Carlos Correa signed a three-year deal with the Minnesota Twins in March that included an opt-out after each season.
It sure seems like Correa is going to use that to his advantage.
Correa’s deal was worth $105.3 million over the span of three years, but it sounds like Correa plans on opting out after this year and has issued the Twins a challenge.
“When I go to the mall and I go to the Dior store, when I want something, I get it. I ask how much it costs, and I buy it. If you really want something, you just go get it,” he said.
“I’m the product here. If they want my product, they’ve just got to come get it.”
Correa was still a free agent two weeks before the MLB season began. The lockout did him no favors, but perhaps he rushed himself into a deal.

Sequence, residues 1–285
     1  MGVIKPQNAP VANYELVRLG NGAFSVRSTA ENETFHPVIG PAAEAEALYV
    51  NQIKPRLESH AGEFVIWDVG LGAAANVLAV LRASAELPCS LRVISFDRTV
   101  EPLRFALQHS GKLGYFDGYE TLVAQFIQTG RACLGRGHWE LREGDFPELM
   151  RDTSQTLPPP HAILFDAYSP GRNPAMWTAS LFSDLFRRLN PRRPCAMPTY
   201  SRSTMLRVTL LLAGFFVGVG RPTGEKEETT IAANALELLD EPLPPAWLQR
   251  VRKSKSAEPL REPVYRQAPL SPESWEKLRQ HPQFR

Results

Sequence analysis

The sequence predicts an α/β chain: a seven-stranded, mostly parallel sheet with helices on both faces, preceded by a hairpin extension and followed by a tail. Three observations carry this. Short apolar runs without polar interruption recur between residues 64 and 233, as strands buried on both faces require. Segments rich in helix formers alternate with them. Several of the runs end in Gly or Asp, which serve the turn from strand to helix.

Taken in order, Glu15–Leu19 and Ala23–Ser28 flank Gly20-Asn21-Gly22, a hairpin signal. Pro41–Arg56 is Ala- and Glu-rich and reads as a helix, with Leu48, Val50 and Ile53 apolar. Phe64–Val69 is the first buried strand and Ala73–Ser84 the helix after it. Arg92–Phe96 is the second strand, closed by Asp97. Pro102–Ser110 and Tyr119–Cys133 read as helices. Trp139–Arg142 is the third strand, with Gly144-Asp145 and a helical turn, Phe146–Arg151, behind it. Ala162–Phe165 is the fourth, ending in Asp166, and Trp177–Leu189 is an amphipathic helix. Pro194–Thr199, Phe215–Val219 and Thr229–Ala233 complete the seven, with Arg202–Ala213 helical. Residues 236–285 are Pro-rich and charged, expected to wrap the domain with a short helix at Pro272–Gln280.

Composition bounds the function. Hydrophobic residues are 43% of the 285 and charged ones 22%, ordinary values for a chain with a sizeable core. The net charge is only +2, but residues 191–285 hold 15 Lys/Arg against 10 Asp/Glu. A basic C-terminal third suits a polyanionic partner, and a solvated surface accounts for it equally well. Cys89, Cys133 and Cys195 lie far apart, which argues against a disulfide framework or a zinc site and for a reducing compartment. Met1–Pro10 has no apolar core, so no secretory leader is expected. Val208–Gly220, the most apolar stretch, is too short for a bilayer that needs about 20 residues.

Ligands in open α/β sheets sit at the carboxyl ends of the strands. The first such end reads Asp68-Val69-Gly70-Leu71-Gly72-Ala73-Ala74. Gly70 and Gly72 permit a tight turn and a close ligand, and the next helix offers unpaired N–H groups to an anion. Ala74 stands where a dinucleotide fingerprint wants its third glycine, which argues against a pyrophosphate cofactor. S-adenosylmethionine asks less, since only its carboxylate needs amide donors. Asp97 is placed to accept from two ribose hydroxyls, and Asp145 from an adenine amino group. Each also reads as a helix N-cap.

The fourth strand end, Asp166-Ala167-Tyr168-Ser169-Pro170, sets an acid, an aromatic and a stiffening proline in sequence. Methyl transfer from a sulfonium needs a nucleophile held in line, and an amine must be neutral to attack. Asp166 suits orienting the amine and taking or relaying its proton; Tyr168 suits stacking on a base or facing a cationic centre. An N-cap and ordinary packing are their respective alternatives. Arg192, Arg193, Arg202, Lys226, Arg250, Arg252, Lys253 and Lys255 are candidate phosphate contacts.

However, his $35.1 million salary is the fourth-highest in baseball history and the most ever for an infielder. It’s hard to blame him for not signing up for that.
But if Correa doesn’t opt out now, well in his prime, he won’t become a free agent again until he is 30, which is viewed by some as a tragic number for contracts in sports.
Correa’s asking price last year might have been a bit too high. He was reportedly seeking a deal worth 10 years and/or $300 million.
He did have a couple of IL stints and shaky streaks that have lowered his overall numbers, but his .287 average is his best mark since 2017, and he’s still an elite defensive shortstop. He’s also picked up his play in recent weeks.
Since Aug. 13, he is slashing .333/.411/.539 with eight homers and 24 RBI (a 162-game pace of 30 and 90).
It’s hard to imagine teams with shortstop needs won’t sign him long term.
If Correa were to opt out, he’d be one of the two top shortstops on the market, joining Trea Turner.